Supreme Court decision: powers of attorneys submitted to banks
In a recent and unusual Supreme Court decision, it was held that where several powers of attorneys (giving authority to different individuals) are submitted to a bank at different times, the last power of attorney submitted to the bank would automatically revoke all previous powers of attorneys regardless of whether or not the bank was notified of the revocation. This decision is considered controversial particularly as the Civil Code provides that the principal’s express notification to the agent or third party is required to revoke a power of attorney.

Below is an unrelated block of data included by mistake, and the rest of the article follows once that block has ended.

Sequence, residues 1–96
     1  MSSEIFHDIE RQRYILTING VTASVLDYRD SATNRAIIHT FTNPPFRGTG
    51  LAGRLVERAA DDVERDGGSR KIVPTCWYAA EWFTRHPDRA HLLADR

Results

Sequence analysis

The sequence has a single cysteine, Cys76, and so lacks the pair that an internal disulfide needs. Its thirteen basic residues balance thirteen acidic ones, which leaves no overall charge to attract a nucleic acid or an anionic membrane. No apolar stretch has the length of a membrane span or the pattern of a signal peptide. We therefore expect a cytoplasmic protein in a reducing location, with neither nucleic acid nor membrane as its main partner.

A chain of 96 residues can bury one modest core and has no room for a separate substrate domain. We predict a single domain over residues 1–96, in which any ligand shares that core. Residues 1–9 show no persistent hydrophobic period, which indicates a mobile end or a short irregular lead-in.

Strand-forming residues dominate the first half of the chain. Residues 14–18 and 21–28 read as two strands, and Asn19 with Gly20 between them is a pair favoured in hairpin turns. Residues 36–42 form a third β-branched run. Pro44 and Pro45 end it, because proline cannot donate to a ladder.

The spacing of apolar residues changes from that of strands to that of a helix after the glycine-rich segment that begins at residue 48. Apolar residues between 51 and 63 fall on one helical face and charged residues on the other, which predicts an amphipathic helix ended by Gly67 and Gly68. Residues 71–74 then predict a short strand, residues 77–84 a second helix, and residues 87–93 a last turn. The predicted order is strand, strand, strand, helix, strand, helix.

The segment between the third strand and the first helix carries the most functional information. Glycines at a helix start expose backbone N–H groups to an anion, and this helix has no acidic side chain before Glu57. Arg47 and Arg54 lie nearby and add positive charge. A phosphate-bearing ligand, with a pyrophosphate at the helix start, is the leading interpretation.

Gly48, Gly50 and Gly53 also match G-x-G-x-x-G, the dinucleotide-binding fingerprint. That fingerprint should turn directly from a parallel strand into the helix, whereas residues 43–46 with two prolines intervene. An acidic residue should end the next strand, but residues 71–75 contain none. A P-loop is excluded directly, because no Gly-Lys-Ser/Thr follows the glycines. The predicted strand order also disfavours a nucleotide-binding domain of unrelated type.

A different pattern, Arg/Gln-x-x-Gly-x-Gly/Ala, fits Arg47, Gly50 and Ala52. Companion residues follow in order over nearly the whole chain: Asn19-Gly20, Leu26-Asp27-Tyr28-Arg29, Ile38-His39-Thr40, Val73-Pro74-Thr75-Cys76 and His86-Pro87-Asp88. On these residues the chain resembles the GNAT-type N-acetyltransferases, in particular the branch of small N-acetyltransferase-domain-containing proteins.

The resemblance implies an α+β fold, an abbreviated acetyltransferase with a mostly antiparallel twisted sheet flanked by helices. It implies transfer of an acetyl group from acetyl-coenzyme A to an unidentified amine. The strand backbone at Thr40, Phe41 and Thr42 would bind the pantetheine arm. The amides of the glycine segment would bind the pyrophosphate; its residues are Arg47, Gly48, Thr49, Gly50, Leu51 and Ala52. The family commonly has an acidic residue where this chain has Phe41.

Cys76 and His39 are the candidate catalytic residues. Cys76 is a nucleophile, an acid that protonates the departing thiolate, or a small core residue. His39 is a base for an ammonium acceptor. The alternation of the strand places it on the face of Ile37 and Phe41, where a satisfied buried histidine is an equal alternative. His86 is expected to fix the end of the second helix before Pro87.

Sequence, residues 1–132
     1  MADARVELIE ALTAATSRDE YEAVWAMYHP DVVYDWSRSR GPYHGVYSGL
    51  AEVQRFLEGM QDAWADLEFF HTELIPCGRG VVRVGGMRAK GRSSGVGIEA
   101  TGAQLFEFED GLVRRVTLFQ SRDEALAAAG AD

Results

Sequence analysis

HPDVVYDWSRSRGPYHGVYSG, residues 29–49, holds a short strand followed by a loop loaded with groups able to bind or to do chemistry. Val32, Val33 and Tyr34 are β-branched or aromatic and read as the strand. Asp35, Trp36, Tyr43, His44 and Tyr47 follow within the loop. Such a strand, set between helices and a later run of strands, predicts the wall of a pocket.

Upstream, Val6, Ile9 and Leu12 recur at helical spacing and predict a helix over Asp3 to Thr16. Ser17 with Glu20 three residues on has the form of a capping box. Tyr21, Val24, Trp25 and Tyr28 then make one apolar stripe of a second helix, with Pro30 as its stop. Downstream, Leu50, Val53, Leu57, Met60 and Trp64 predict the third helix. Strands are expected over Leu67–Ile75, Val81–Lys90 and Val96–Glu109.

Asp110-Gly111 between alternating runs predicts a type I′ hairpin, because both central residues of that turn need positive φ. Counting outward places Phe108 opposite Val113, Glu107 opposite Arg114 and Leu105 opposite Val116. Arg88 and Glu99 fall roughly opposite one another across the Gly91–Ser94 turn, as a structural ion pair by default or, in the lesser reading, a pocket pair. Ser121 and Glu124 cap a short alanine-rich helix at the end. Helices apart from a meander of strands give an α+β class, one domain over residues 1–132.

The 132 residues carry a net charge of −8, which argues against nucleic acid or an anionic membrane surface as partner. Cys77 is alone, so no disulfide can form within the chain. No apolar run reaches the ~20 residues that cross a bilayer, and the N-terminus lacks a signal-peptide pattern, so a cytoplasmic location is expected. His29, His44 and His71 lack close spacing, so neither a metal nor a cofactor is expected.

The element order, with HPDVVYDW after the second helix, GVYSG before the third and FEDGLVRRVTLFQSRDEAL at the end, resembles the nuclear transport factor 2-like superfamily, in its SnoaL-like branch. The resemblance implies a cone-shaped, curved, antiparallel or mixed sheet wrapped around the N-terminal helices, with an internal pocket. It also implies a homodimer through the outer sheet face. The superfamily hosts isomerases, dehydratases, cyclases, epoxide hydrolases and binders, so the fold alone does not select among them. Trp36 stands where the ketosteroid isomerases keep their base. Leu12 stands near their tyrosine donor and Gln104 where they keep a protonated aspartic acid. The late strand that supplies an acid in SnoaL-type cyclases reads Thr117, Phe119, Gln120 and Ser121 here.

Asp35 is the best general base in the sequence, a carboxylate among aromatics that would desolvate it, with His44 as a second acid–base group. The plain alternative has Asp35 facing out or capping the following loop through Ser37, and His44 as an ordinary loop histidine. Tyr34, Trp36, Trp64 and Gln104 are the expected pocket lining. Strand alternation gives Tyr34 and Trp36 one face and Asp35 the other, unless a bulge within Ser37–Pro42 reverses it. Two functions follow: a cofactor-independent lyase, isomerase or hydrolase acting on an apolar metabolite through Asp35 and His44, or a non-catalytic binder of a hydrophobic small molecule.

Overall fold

The Bank (the First Defendant) in this case was held liable for unauthorized transactions and was ordered to pay damages in the amount of AED 3.2 million (the Claim amount was AED 8.3 million) representing the loss suffered as a result of the unauthorized transactions. The Bank’s alleged error was that it allowed the Second Defendant (an individual) to unilaterally withdraw funds from the account despite the existence of the last power of attorney requiring the joint signatures of the Claimant and the Third Defendant (another individual) to manage the account…
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Corruption has a detrimental effect on any economy. It creates unfair advantages, anti-competitive practices and a generally unfavorable business environment.
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